Maven, Persephone, Mungle, let me thank you again for your help, penetrating and challenging questions, and general willingness to think about and consider my predicament. I was not expecting such intelligent and extensive feedback.

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Re: Scrambled Eggs

Post by RJParker » Fri Feb 22, 2019 4:17 pm

We would not be worried about a trainee living in the EU at the point of application. We've taken EU citizens onto the programme previously direct from their home country and interview several each year. We also regularly choose trainees with no NHS experience over those with that experience because they have demonstrated greater potential.

aufbau83
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Re: Scrambled Eggs

Post by aufbau83 » Sat Feb 23, 2019 7:06 am

Hello Rob. This is extremely encouraging, so thanks. My only concern is that I won't have GBC for the BPS ::spits out mouthful of alphabet soup:: until January 2020, so I'd first be in a position to apply in (I think) November 2020, with the earliest conceivable start being autumn 2021. Fingers crossed that the entire legal framework of NHS recruitment - and indeed, UK residency - haven't been overhauled by then in favour of something Boris Johnson wrote on the back of a receipt for vintage port. Ultimately, I guess, I'm still a British national, so maybe none of this will effect me much anyway. But perhaps these aren't really questions for a clinical psychology forum.

I took a look at some of your other posts, and I know we've discussed this before, but I do have a question about what you call the "commitment to social justice" that defines the DClinPsy at Lancaster. Is this something that you (a) see as knitted primarily into the process of recruitment - that is, with the aim of widening participation in the field, and not necessarily privileging those who, because of their advantageous circumstances, can afford to amass "relevant experience" that the less well-positioned simply cannot? Or is it (b) something that flavours the course content and training process itself - i.e. a midlands psychology group-style scepticism toward traditional approaches to psychotherapy, and a basic conviction that the causes of "mental distress" are mainly to be found in the social and material conditions acting on the individual, rather than in some faulty aspect of their "cognition" (/superego/self-schema etc.)?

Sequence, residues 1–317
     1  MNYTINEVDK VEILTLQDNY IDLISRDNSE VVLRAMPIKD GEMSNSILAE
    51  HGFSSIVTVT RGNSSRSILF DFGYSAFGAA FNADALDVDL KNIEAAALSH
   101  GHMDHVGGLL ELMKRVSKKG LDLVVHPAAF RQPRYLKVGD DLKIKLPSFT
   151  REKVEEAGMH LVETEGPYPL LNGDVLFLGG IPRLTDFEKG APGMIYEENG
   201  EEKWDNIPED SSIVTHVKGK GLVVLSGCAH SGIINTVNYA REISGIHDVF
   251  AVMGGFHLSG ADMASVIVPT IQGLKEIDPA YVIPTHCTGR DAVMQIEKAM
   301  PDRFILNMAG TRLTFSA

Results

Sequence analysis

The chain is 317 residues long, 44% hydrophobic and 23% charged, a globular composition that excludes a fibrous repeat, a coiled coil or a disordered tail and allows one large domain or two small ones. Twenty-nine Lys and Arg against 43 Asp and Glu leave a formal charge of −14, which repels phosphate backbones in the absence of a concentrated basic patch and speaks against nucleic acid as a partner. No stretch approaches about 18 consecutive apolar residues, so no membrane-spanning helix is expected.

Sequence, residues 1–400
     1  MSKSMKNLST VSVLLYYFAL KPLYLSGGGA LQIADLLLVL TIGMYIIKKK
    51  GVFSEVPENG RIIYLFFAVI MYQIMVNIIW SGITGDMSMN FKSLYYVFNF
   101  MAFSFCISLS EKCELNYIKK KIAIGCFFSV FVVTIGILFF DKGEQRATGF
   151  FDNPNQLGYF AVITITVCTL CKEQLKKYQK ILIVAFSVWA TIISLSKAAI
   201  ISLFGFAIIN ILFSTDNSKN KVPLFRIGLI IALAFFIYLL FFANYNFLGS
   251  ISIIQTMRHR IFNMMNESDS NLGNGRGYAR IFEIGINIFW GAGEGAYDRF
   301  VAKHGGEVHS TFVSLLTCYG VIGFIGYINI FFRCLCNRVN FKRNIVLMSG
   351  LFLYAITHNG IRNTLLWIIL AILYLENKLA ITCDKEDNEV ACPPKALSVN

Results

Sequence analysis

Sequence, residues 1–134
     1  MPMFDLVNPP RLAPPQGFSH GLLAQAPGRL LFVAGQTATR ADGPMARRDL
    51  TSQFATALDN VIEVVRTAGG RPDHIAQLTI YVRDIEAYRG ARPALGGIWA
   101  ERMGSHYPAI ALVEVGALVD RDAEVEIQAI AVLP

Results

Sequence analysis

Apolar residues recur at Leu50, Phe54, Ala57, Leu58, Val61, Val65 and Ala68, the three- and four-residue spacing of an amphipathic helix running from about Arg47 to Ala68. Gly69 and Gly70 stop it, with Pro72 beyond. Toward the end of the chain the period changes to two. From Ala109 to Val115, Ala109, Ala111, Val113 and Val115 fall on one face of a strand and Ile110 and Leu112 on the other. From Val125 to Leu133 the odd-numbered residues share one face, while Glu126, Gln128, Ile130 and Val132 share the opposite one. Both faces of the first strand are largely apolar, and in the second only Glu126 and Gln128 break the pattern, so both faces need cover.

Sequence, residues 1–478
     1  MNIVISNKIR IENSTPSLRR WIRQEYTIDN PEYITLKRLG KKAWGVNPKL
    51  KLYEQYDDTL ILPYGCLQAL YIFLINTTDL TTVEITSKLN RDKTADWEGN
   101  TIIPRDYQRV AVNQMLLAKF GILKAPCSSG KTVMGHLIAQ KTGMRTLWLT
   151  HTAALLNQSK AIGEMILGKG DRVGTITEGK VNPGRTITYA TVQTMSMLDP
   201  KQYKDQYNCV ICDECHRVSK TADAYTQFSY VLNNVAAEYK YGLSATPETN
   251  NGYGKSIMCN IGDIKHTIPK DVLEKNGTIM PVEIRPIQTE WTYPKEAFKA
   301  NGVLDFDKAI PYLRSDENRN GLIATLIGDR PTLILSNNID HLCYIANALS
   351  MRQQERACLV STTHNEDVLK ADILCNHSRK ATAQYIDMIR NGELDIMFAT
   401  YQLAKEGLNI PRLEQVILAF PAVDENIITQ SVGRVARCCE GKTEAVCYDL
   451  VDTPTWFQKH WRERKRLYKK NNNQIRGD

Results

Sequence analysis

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maven
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Re: Scrambled Eggs

Post by maven » Mon Feb 25, 2019 1:15 am

aufbau83 wrote:
Fri Feb 22, 2019 7:23 am
“It sounds to me that your primary interest is in therapy? While that's a large part of what we do as CPs, things are shifting and CPs are moving more towards leadership and service development roles. I'm a final year trainee and there's a tremendous push towards learning leadership skills, doing leadership placements and pieces of work etc. It seems to me that a lot of CPs are getting fed up with the way the NHS is pushing them, and I'm hearing about vacancies being harder to fill etc.”

This is intriguing. But I don’t really know what it means. You mean they’re increasingly taking you out of one on one therapy situations with those in distress and training you to be miniature CEOs? It sounds kind of interesting – but as you observe, I am predominantly interested in therapy. It’s just what excites me, intellectually. Maybe that will change as I get older and more bitter, though.
It means that there are many professions that deliver therapy, of which clinical psychology is one. But it is one where that is far from the only component of the job, and for some CPs isn't a component at all (see this blog, for example). You'll certainly find it hard to progress in your career without many other components, such as supervision, consultancy, training, service development, management, team leadership, research, etc. And there are many faster/easier/less competitive professions in which to train as a therapist.
Maven.

Wise men talk because they have something to say, fools because they have to say something - Plato
The fool thinks himself to be wise, but the wise man knows himself to be a fool - Shakespeare

aufbau83
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Re: Scrambled Eggs

Post by aufbau83 » Tue Feb 26, 2019 1:25 pm

It means that there are many professions that deliver therapy, of which clinical psychology is one. But it is one where that is far from the only component of the job, and for some CPs isn't a component at all (see this blog, for example). You'll certainly find it hard to progress in your career without many other components, such as supervision, consultancy, training, service development, management, team leadership, research, etc. And there are many faster/easier/less competitive professions in which to train as a therapist.
Thanks for the clarification, Maven. Like an MBA meets a Dclinpsy, perhaps? Sounds kind of interesting. Though potentially exhausting...